Many African countries have been widely praised for their effective response to curbing the spread of the deadly coronavirus. Countries in the continent had from the onset of the pandemic implemented social distancing measures to control the spread of the virus and had from around August been reporting a decline in daily cases and deaths.
Against expectations, Africa has so far recorded a far lower tally of Covid-19 cases and deaths compared to Europe, Asia, the Americas, or the Middle East. The continent which accounts for about 18% of the global population, only accounts for about 3.2% of Covid-19 cases and 2.5% of deaths by the diseases globally.
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But in recent weeks, there has been a resurgence in new cases and deaths in the continent.
As the US and European countries report a resurgence of cases in what is being referred to as the “second wave,” the resurgence of cases in some African countries is viewed as the potential beginning of a second wave across the continent.
There has been a resurgence in Egypt, DR Congo, and South Africa that may be the beginning of a second wave, but in Kenya, the picture looks different. Kenya appears to be fully experiencing a second wave. Over 1,500 new cases were reported in November surpassing those recorded (less than 1000 cases) during the worst time of the pandemic in the country before a decline in August.
Kenya has now topped 85,000 Covid-19 cases and nearly 1500 deaths including 31 health workers. It has lost nine doctors, four who died in November. The Kenya Medical Practitioners, Pharmacists and Dentists Union threatened a national strike from this weekend (Dec. 6) if the government did not provide protective equipment and medical insurance for its members, and compensation for health workers who die from Covid-19.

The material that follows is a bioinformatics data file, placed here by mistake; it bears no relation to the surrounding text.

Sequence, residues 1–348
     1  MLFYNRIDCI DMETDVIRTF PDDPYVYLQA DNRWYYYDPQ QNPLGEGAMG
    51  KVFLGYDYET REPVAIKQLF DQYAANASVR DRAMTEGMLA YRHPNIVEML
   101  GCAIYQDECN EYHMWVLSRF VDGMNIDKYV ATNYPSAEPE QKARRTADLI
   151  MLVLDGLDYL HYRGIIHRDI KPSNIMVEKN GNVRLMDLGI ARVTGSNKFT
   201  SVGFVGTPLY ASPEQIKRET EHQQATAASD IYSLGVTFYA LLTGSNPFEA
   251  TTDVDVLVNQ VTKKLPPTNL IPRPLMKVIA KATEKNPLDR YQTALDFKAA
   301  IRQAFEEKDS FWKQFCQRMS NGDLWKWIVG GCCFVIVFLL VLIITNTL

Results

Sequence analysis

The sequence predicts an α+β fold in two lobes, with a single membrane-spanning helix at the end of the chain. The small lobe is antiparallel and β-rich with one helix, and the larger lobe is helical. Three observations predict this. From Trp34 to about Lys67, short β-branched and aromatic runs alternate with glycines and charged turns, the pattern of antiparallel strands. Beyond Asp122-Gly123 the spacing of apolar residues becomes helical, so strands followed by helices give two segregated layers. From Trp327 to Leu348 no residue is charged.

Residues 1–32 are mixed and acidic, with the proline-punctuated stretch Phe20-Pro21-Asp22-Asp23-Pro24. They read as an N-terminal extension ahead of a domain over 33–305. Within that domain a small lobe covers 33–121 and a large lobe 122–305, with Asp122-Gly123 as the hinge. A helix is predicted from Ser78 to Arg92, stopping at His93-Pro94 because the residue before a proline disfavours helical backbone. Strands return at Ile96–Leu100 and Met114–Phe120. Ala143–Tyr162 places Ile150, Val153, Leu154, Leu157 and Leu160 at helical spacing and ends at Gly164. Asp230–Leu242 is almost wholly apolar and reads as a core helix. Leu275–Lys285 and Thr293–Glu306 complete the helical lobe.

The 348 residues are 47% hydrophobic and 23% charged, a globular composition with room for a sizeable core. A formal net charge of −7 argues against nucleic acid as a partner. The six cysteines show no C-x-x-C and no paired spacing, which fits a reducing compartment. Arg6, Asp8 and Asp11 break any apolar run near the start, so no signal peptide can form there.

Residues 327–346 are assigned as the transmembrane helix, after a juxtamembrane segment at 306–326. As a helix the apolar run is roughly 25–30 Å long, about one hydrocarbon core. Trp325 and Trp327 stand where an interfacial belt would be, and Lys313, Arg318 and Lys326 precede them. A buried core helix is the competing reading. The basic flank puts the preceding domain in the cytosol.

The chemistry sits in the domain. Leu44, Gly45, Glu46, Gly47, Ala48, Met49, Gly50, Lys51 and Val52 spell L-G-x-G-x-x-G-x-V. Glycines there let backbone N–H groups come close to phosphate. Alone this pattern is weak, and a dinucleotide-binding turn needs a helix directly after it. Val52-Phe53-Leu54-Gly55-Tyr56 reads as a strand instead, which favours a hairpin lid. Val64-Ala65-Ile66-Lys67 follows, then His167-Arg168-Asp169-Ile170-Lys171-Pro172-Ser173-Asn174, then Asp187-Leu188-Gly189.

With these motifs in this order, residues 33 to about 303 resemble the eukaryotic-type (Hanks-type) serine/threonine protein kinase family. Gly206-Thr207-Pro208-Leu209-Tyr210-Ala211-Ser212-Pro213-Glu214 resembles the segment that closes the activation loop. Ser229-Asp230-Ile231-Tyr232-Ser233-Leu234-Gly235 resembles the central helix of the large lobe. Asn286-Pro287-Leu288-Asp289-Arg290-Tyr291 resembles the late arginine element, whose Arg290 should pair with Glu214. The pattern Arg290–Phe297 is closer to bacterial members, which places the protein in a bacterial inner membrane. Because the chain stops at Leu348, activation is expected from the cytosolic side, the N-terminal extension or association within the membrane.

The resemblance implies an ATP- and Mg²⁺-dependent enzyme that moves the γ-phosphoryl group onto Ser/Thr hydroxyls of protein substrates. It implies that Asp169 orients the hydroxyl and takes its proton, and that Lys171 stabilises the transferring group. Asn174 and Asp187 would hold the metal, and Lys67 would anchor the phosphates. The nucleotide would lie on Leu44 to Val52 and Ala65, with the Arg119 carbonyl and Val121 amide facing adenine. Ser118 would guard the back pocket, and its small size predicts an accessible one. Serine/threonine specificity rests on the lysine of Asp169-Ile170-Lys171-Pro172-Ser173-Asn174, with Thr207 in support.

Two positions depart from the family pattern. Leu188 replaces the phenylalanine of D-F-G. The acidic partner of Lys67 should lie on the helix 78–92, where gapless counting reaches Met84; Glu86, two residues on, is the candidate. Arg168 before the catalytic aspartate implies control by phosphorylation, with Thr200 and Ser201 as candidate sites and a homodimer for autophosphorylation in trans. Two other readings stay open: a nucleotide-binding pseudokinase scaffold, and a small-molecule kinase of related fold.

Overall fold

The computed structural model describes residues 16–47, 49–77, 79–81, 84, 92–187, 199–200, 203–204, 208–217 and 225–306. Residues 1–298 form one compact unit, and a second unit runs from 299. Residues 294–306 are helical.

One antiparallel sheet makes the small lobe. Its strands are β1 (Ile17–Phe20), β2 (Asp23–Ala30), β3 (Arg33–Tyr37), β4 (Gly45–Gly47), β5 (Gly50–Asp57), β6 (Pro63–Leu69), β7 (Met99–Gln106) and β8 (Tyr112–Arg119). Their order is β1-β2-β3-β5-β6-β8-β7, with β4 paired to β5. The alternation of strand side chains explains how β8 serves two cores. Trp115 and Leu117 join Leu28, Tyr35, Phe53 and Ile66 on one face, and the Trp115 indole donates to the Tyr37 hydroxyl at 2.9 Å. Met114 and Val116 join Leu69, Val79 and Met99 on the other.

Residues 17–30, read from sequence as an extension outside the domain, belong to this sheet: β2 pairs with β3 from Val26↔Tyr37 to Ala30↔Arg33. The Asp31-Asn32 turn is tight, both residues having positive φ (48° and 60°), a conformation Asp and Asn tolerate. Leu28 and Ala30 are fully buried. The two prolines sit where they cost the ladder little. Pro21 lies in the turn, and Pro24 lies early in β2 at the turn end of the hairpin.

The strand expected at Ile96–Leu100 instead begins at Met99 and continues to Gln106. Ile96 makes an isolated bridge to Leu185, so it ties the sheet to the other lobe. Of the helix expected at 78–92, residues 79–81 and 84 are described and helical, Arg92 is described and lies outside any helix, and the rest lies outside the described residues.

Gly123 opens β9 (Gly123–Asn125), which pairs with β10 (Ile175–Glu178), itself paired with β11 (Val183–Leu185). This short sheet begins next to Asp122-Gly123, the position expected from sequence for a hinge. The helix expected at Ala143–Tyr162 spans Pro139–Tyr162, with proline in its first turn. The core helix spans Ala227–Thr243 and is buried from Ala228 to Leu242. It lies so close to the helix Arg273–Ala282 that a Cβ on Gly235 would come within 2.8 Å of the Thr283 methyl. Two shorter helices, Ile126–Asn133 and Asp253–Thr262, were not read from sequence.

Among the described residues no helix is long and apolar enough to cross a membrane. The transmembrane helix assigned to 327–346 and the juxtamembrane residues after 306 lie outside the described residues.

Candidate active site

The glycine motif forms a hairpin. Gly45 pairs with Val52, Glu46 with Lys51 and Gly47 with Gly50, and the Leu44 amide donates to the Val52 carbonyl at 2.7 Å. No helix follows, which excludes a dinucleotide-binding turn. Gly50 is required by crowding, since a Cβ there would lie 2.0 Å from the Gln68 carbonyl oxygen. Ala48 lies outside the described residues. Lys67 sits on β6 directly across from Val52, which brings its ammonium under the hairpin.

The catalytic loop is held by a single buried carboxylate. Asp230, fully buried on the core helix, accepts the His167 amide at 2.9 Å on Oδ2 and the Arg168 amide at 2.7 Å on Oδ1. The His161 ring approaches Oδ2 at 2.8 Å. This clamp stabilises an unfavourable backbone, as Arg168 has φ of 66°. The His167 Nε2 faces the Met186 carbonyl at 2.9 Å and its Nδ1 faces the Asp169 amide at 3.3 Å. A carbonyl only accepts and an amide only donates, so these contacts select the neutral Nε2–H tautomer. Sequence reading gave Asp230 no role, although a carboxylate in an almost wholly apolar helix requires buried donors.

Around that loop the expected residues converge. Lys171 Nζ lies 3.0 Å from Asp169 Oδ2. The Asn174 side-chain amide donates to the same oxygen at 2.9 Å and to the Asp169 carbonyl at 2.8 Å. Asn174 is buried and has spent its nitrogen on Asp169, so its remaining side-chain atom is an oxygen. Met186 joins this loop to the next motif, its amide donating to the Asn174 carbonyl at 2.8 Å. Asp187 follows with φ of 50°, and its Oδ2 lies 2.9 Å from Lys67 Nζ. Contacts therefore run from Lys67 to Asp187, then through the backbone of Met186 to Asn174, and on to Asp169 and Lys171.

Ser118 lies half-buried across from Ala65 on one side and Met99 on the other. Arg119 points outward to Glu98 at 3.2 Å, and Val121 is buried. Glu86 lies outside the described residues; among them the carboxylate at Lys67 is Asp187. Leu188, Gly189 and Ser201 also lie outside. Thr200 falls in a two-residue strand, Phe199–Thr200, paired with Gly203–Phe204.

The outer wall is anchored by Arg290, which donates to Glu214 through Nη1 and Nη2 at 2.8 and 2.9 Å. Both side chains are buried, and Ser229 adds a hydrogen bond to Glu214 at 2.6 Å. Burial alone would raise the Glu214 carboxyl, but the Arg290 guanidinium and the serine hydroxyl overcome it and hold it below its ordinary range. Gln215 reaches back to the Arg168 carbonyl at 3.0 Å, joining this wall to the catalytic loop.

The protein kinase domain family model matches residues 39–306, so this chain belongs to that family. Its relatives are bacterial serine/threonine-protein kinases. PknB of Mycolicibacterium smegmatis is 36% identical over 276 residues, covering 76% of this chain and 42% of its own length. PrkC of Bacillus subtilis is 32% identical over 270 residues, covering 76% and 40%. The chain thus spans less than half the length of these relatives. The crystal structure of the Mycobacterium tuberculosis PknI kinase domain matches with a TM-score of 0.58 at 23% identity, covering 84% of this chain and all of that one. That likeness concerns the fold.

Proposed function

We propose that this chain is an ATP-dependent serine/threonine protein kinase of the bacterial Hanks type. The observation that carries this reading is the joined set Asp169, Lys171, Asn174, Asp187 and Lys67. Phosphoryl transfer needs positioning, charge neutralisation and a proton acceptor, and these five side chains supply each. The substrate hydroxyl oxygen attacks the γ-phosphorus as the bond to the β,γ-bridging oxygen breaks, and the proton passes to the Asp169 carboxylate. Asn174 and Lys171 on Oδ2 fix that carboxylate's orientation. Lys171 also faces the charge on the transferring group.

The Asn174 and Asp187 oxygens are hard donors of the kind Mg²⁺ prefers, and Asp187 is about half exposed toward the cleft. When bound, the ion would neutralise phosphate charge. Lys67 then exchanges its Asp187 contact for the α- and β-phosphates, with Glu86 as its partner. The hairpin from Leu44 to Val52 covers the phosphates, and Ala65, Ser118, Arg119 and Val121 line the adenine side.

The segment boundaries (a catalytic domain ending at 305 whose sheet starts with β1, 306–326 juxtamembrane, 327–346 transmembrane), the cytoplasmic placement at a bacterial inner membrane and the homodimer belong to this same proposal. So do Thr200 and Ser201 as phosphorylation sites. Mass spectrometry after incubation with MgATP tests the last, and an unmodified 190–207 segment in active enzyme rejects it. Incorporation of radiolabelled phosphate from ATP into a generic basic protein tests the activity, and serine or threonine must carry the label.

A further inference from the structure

Professor Kevin Marsh, a senior advisor and co-lead of the Covid-19 team at the African Academy of Sciences says calling these resurgences in Kenya and South Africa, a second wave depends on how one defines it.
“There is certainly a rise in cases and deaths in both countries following an initial drop. In Kenya, it is not clear if this is a genuine rise in transmission or whether it reflects cases from further afield coming into urban centers following the relaxation of restrictions on movement,” he says.
South Africa, which has reported the highest cases and deaths in Africa due to risk factors such as an older population and a high rate of HIV and tuberculosis infections, had been able to drastically reduced the number of daily cases and death. However, in the recent week alone, the number of new cases has increased from around 2000 to over 4000.
“It looks like there is a resurgence or an increase in the number of infections as compared to a few weeks ago,” says professor Glenda Gray, president of the South African Medical Research Council (SAMRC). “This uptick could be the beginning of a new surge. The next peak will depend on interventions implemented to try and reduce community transmission.”
Gray says there is a discrepancy between the number of deaths that were expected by this time this year in South Africa and what is being observed. That is, there are more deaths in the country due to Covid-19 than is expected.
She says this could be due to under-reporting of COVID-19 in death certificates, people dying of Covid-19 without a diagnosis, and collateral deaths from diseases such as HIV and Tuberculosis at home.
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